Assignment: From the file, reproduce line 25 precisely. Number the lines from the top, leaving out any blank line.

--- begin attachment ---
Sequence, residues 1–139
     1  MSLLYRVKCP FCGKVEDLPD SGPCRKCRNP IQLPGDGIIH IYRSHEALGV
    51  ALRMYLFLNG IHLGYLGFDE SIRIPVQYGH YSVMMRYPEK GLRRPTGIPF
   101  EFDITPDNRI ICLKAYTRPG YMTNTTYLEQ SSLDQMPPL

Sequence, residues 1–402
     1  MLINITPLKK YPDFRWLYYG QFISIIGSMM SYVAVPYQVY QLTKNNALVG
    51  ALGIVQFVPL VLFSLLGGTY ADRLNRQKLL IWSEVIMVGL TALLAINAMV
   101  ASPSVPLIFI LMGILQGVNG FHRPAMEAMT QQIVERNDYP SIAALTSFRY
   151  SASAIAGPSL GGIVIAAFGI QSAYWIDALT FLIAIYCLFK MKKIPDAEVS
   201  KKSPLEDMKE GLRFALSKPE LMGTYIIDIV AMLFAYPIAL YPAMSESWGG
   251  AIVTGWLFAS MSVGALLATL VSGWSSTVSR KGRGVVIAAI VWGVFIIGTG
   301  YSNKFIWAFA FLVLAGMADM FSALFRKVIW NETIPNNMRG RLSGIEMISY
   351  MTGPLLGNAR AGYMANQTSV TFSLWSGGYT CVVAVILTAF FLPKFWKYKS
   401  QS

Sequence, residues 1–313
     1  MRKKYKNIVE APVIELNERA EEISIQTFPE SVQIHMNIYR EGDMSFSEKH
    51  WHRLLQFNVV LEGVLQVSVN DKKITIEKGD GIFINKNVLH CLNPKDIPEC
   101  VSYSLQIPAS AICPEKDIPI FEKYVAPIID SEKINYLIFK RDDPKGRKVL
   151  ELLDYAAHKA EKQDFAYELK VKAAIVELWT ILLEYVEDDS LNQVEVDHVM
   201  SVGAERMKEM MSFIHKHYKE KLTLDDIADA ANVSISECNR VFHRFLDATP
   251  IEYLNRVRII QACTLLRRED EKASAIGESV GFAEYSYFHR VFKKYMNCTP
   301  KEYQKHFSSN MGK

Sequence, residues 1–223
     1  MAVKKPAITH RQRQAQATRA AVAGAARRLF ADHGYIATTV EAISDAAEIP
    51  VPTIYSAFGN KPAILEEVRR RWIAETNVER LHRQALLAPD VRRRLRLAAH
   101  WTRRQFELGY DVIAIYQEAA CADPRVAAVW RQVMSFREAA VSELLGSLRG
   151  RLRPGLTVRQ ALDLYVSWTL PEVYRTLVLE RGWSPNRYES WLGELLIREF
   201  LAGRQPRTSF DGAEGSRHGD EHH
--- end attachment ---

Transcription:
    51  VPTIYSAFGN KPAILEEVRR RWIAETNVER LHRQALLAPD VRRRLRLAAH